Sign Up  |   Log In:Login with Facebook
REI Community
Old Bolts on practice wall and other areas
View Latest Posts in This Forum or All Forums
Page 1 of 1.  
Follow replies to this topic? Notify me at the top of web site.

Email me.
Apr 22, 2014
I just started climbing again after years off. I have taken people lately to the practice wall at windy point as well as places like Agatha Christie. The question I have is, who is governing the bolts? These are the same bolts that have been there for decades. Most of them are old button-heads, with cold shuts that are so loose they are almost spinning. I make it a point to backup all these anchors as everything has a shelf life, but I have noticed I am the only one that does. I have even witnessed certified guides (their claim) with beginners belaying, rappelling or hanging on these loose anchors. Is there anyone currently in our climbing community that is taking on the task of retrofitting and replacing them? Jose Olivas
Joined Jun 27, 2011
0 points
Apr 22, 2014
I found this website last night while exploring for rules for updating bolts in California. Honestly though I'd guess it's all of our responsibilities to remove/replace them. Craig Franek
Joined Apr 22, 2014
0 points
Apr 22, 2014
Rock Climbing Photo: One Way Sunset Scott M. McNamara
From Tucson, Arizona
Joined Aug 15, 2006
77 points
Apr 22, 2014
Rock Climbing Photo: Toofast
^^^^^^^^^ +1

EFR and Jimbo have been replacing bolts, as well as Andy Bennett and Clay Mansfield (Clay's in Flag now though.) I've replaced some on Mount Lemmon as well.

Posting up here to make climbers aware of potentially bad bolts can be helpful as well. Post a picture if you can.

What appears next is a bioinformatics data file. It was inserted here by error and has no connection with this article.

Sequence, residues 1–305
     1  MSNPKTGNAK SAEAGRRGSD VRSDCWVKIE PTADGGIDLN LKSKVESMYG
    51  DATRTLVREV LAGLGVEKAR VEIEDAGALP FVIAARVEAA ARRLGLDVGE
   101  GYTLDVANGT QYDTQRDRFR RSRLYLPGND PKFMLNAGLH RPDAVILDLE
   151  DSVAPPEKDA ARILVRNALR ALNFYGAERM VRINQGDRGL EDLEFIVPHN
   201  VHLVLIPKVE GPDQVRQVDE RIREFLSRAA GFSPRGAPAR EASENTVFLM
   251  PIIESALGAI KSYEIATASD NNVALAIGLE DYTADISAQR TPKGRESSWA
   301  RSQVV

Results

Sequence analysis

From Tucson, AZ
Joined Jun 7, 2006
3,353 points
Apr 22, 2014
Rock Climbing Photo: Center of Singularity - Oak Creek Canyon
The bolts at practice cliff were replaced in '05 if my memory serves me correct. There is also a tag on one of the anchors with Ben Burnam's initials and the year - "05".

They are not "old buttonheads". I believe they are half inch pound ins. I think they could absolutely be replaced, but they are also, IMO, totally safe. Many other anchors would take priority if I were making a list.

In terms of them being "loose" (the cold shut moves freely on the not at all loose bolt) I would argue that they may have been this way initially and that it may have no bearing on whether they are safe.


Of course you should do what makes you feel safe in terms of backing up anchors, etc. but I wouldn't go calling out others for trusting the anchors that you don't.

Luke Bertelsen
Joined Feb 27, 2005
1,611 points
May 6, 2014
Rock Climbing Photo: Licking the cat with googly-eyes.
Assessing anchors is the responsibility of the climber using them. I've noticed that the cold shuts at Practice Cliff are somewhat wiggly, but I also understand the physics of that particular situation and I feel that they are safe for my use in a Toprope scenario. For what it's worth, I make sure my anchor is self equalizing & redundant with limited extension in case of a single bolt failing.

It's great that you're cautious, Jose! I appreciate that in a climber. But in this case, the forces created by toprope climbing are not high enough to shear a 1/2 inch bolt that is driven vertically into the top of the cliff (the orientation is worth noting because the 90 degree bend made by the rope/anchor material creates friction against the rock that reduces the load supported by the bolts). The shear strength of those 1/2 inch bolts, is incredible.

If you would like a quick and easy lesson on how this stuff works, let me know! You're welcome to join my friends and I climbing any day and I can give you some additional tools to help your good habit of critically analyzing anchor safety. I hope you maintain your thoughtful and safe climbing practice!
Eric Sophiea
Joined Aug 30, 2012
293 points

Follow replies to this topic? Notify me at the top of web site.

Email me.
Page 1 of 1.  

The Definitive
Climbing Resource

Inspiration & Motivation
to Fuel Your Run

Next Generation Mountain
Bike Trail Maps

Backcountry, Sidecountry
& Secret Stashes

Better Data. Better Tools.
Better Hikes!